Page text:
It is generally recognized that penalties fixed by state laws are not enforcible in federal courts or even in other State courts, Huntington v. Attrill, 146 U.S. 657, 13 S. Ct. 224, 36 L. Ed. 1123; Wisconsin v. Pelican Ins. Co., 127 U.S. 265, 8 S. Ct. 1370, 32 L. Ed. 239; Stichtenoth v. Central Stock & Grain Exch., C.C., 99 F. 1 (Judge Jenkins, formerly of this court). The difficulty arises in determining whether the recovery and the proceedings to enforce it are primarily penal or remedial. An action to recover a statutory sum which constitutes damages for a private wrong is remedial, but a proceeding to recover a true penalty which primarily constitutes punishment, although payable in full to an injured party, irrespective of his damages, is penal. See Cyclopedia of Federal Procedure, Vol. 15, § 88.03. The words of the text writer aptly conclude as follows: "In other words, if the amount sought to be recovered is arbitrarily exacted for some act or omission of defendant, the action is essentially penal, but if the action is to recover compensation based on a loss sustained by plaintiff it is remedial."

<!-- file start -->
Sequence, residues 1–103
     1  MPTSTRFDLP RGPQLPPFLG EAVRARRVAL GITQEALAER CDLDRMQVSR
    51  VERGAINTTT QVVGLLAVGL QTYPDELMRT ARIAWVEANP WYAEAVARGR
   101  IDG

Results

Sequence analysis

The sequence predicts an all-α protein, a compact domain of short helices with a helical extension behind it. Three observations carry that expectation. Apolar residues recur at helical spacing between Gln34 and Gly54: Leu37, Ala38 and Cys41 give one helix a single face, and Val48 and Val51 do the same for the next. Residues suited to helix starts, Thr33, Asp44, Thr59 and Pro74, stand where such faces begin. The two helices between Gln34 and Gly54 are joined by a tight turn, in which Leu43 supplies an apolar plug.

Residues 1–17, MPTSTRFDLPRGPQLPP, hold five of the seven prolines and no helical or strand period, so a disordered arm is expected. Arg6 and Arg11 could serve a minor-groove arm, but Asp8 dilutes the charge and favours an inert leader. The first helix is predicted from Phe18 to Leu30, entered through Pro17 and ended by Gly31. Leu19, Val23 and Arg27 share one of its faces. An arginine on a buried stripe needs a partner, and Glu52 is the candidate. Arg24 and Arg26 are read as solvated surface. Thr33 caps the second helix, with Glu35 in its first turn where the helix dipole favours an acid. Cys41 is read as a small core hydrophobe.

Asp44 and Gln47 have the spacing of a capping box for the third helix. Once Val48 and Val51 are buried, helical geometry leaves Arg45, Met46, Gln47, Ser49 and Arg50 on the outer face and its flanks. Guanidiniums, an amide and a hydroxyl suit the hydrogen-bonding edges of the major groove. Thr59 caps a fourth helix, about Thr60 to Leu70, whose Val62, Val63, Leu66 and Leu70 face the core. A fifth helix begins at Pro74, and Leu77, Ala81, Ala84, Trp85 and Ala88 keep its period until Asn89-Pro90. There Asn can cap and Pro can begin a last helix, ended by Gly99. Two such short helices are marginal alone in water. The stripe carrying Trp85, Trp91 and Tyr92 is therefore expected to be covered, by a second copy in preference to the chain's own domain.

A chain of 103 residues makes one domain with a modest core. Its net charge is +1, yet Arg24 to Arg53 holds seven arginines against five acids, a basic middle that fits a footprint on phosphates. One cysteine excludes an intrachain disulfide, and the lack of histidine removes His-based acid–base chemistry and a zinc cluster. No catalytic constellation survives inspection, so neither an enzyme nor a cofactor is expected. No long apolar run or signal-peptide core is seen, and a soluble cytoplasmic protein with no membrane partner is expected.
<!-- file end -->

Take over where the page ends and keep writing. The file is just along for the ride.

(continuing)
As the Court of Appeals for the Sixth Circuit said in United States v. Witherspoon, 211 F.2d 858, at page 861: "* * * the word, 'penalty,' strictly and primarily denotes punishment, imposed and enforced by the state, for an offense against its laws. It also commonly is used as including any extraordinary liability to which the law subjects a wrongdoer in favor of the person wronged, not limited to the damages suffered." In the present case the recovery sought under the Illinois statute is connected in no wise with damages actually suffered by plaintiff. He merely seeks judgment for a 10% penalty fixed without relation to any injuries suffered by him. In view of the determination of the Supreme Court of Illinois and of the general rule abiding in the federal courts, it is clear, we think, that the demand for the penalty imposed by the Illinois statute for refusal to permit inspection was not enforcible in the district court.
In view of the elimination of the question of the propriety of the demand for a writ of mandamus, it is unnecessary to consider other points presented by the briefs. We believe that the Illinois statute cannot be extended extra-territorially as plaintiff wished to do, and that the district court was without jurisdiction to enforce the demand under the Illinois statute, for the reason that it is truly a penalty. The judgment is affirmed.